Sign up ×
Stack Overflow is a question and answer site for professional and enthusiast programmers. It's 100% free.

I have an NT service that has some perf counters. When I deploy the service using installutil, the perf counters and the service install fine. When I deploy using my msi, that uses ServiceInstall, the service shows up, but the perf counters don't get installed.

I always just assumed that ServiceInstall ran installutil under the covers. Is there some critical difference that would prevent me from installing perf counters?

Wix segment

<ServiceInstall Id='ServiceInstall' ErrorControl='ignore' Type='ownProcess' DisplayName='Service' Description='service' Name='Service' Start='auto' Account='[SERVICEACCOUNT]' Password='[SERVICEACCOUNTPASSWORD]' /> 
<ServiceControl Id='Service' Remove='uninstall' Name='Service' Start='install' Stop='both' Wait='yes' />

Perf counter install

[RegistryPermissionAttribute(SecurityAction.LinkDemand, Unrestricted = true)]
[EnvironmentPermissionAttribute(SecurityAction.InheritanceDemand, Unrestricted = true)]
public sealed class CountersInstaller : Installer
    public CountersInstaller()
share|improve this question

1 Answer 1

No, your assumption is not correct. The ServiceInstall does not call InstallUtil under the hood for installing performance counters. Using InstallUtil is generally treated as a bad practice.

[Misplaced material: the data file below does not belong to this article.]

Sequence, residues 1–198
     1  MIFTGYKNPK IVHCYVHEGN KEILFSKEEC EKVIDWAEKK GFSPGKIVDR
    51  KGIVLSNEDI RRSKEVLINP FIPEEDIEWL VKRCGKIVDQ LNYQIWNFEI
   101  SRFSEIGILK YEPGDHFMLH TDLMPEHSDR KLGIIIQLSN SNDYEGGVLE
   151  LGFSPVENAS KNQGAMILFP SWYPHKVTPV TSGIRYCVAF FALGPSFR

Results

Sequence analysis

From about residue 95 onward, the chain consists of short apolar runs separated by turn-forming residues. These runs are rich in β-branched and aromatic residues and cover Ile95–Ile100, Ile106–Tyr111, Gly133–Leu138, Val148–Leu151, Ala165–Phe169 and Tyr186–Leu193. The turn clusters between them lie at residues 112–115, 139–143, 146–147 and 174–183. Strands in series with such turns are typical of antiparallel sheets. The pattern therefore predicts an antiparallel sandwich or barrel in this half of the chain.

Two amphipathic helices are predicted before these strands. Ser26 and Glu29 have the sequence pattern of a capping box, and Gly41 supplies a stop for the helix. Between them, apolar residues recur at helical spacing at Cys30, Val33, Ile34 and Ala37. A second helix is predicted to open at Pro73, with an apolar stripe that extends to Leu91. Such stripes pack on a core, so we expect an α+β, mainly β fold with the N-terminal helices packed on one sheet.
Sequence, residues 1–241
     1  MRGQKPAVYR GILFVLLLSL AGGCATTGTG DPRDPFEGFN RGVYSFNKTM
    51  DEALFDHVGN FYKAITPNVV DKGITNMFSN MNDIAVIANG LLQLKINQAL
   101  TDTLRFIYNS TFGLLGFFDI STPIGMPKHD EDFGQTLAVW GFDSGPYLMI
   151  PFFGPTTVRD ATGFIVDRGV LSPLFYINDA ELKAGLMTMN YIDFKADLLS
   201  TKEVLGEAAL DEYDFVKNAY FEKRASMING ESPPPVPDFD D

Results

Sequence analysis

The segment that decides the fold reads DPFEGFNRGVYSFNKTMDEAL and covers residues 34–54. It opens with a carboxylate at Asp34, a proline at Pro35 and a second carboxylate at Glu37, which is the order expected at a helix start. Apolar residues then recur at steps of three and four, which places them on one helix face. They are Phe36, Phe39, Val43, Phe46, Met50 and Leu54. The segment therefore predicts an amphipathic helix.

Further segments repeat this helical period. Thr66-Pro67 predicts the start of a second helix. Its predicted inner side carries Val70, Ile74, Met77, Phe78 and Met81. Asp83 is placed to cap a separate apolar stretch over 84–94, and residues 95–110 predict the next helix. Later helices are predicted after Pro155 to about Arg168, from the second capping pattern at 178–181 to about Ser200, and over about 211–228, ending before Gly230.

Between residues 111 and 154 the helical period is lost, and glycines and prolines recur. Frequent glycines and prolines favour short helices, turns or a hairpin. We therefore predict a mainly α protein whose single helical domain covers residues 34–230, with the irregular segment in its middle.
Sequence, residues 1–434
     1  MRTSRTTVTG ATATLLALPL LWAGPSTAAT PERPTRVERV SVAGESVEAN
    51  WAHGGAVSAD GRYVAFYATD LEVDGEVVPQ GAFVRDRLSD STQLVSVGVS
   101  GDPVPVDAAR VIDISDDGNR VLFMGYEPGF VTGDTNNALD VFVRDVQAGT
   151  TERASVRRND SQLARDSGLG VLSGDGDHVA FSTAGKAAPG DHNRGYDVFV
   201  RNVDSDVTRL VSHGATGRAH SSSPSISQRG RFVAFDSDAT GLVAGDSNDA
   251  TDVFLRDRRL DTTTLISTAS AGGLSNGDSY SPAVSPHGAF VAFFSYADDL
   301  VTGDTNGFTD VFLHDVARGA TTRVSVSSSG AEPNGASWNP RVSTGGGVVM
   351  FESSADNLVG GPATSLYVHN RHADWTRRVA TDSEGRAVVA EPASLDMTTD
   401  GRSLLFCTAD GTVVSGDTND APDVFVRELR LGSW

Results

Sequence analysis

Instead, take a look at PerformanceCategory and PerformanceCounter elements. Of course, this will require some coding to transform what you do now with C# into declarative XML form.

share|improve this answer
I'm curious about that. If my service is already using a version of the .Net framework, why would calling InstallUtil be so bad? It's not adding any additional dependencies that weren't already there, and in this situation it simplifies the deployment. –  user467384 Feb 24 '11 at 21:33
Take a look at dtf.chm file which is installed together with WiX Toolset. In contains an article called "InstallUtil Notes". It gives some basic idea. Also, you might be interested to see this discussion:… –  Yan Sklyarenko Feb 25 '11 at 6:39

Your Answer


By posting your answer, you agree to the privacy policy and terms of service.

Not the answer you're looking for? Browse other questions tagged or ask your own question.